Dr Alison Struthers responds to Independent Commission for Countering Extremism call for “national conversation on extremism.”
Warwick Law's Dr Alison Struthers is co-author of one of eight peer-reviewed papers published today by the Independent Commission for Countering Extremism.
Dr Struthers and Dr Diane Webber, Visiting Fellow in the Center on National Security and the Law at Georgetown University, evaluate the effectiveness of teaching so-called “Fundamental British Values” in schools as a means to counter extremism.
The papers were commissioned by Lead Commissioner Sara Khan as part of an ‘extensive national conversation’ on extremism. The Commission will submit a report to the Home Secretary making recommendations as to future policy.
Critiquing Approaches to Countering Extremism: The Fundamental British Values Problem in English Formal Schooling by Dr Diane Webber and Dr Alison Struthers is one of eight peer-reviewed academic papers published today (31) by the Independent Commission for Countering Extremism.
Teaching fundamental British values in schools to deter and counter extremism is currently regarded as a central part of counter-terrorism policy.
In their paper, Dr Struthers and Dr Webber critique the current approach, highlight the more controversial aspects of the FBV agenda and point to other values frameworks which, they argue, are more suited to the role of combatting extremism within schooling.
Dr Webber found that only around 60 per cent of London schools affirm on their websites that they are teaching Fundamental British Values. Other values frameworks being taught in schools included faith-based frameworks and human rights-based values.
She said: “The scoping study examined the web sites of over 3,000 London primary and secondary schools, both state and independent, to see what those schools say that they are teaching in terms of values.
“Only about 60% of schools say that they are teaching about Fundamental British Values. A large proportion of schools say that they teach other values, of which the most commonly seen were respect, responsibility, resilience, aspiration, kindness and honesty.”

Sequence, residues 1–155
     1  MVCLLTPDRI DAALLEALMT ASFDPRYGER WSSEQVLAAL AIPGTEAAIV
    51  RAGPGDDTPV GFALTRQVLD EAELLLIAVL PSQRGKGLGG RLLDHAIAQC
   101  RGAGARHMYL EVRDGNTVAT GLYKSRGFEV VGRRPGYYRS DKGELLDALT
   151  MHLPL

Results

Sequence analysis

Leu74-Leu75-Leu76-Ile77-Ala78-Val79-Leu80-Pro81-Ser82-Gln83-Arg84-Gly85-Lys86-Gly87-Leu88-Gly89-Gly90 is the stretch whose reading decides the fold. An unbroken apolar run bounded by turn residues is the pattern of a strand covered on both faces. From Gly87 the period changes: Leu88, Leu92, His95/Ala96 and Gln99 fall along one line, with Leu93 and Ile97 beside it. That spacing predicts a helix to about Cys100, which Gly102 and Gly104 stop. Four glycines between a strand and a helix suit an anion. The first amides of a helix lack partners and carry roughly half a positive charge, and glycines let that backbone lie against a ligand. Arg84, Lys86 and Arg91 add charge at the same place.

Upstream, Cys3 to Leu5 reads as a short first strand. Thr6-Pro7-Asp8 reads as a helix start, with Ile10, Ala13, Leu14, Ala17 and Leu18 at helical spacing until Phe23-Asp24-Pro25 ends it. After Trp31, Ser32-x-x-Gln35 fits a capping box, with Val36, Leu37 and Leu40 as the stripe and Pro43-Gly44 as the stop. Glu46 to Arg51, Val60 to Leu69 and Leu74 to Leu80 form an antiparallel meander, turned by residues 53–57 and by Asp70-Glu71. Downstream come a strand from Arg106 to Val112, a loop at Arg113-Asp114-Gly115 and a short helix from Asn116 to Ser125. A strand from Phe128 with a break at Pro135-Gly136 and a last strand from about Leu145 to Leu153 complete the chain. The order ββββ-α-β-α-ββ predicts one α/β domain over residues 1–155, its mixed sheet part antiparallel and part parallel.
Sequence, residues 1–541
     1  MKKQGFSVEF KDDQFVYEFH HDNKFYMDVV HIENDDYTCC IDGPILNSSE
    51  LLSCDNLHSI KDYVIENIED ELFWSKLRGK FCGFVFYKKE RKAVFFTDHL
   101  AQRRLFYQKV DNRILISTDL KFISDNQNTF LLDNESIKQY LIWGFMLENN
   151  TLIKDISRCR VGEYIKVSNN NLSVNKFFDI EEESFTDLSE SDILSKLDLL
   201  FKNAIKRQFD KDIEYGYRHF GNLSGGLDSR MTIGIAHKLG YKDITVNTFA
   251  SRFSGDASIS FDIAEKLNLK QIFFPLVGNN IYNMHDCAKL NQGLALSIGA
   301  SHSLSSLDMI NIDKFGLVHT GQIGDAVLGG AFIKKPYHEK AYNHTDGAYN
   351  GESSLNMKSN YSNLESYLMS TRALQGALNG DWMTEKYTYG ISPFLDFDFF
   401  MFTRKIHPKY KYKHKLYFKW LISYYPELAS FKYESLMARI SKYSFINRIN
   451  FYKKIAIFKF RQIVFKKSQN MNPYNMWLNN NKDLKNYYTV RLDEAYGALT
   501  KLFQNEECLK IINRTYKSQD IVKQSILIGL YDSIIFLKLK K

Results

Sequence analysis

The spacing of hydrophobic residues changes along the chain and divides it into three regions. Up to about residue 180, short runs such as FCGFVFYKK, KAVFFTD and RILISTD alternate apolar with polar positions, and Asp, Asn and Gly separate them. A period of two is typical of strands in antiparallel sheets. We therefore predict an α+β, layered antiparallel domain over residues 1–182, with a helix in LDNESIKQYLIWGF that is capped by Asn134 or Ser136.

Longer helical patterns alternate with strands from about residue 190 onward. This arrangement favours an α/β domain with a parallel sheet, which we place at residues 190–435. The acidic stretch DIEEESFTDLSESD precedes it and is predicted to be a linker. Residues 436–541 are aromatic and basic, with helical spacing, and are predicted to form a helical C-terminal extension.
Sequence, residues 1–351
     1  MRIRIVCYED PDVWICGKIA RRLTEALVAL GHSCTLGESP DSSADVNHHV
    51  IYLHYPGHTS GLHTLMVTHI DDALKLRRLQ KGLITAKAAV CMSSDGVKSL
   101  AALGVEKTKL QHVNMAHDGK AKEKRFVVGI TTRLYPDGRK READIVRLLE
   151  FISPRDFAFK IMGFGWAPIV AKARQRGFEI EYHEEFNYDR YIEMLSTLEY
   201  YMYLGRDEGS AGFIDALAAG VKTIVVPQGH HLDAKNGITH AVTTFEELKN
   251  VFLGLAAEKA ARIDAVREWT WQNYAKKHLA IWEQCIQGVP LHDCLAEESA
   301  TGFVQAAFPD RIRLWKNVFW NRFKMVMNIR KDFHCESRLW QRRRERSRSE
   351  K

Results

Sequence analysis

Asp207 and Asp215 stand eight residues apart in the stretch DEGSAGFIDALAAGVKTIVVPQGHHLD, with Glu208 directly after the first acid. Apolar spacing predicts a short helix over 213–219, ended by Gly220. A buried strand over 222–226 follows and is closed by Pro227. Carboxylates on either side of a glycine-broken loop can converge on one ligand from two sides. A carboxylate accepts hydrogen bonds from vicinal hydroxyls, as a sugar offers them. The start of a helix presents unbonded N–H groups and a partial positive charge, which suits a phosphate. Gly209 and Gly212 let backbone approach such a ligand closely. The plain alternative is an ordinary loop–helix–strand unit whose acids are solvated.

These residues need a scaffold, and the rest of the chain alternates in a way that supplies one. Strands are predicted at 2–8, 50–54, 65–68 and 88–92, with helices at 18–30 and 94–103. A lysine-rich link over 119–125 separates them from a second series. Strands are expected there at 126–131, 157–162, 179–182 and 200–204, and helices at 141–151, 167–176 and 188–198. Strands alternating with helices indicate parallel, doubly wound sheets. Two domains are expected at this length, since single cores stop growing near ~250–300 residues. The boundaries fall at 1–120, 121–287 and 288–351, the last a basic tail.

Dr Struthers said: “The ‘Fundamental British Values’ programme has been controversial since its introduction and has attracted criticism from educators, faith groups and academics.
“There is little consensus as to what ‘British Values’ actually are; some concern that they can be perceived as discriminatory against particular faith or ethnic communities; and doubt as to whether FBVs adequately equip learners to build their resilience against radicalisation.
“Through its participation in a number of international human rights organisations and frameworks the UK has already committed to teaching children about human rights and their underlying values.
“In our paper we argue that an education based around this human rights values would represent a more effective and appropriate framework for building resilience in schoolchildren, and one which would generate less controversy.”
The paper is one of eight being published today. They cover current thinking on the causes of extremism, the complex relationship between social media and extremism, as well as discussions on how to best counter extremism.
Lead Commissioner Sara Khan said:
“I’ve held the most extensive national conversation on extremism. It has lifted the lid on a range of urgent concerns we must address.”
“I’m releasing some of the findings as we build up to our landmark report on extremism.”
“To unite the country – and to protect our freedom and democratic principles – we have to address each of these issues.”
“Today, I am publishing eight academic papers covering the causes of extremism, social media and online extremism, and responses to extremism.
“I want to thank the authors of these academic papers for their work, and for their contribution to our national conversation on extremism.”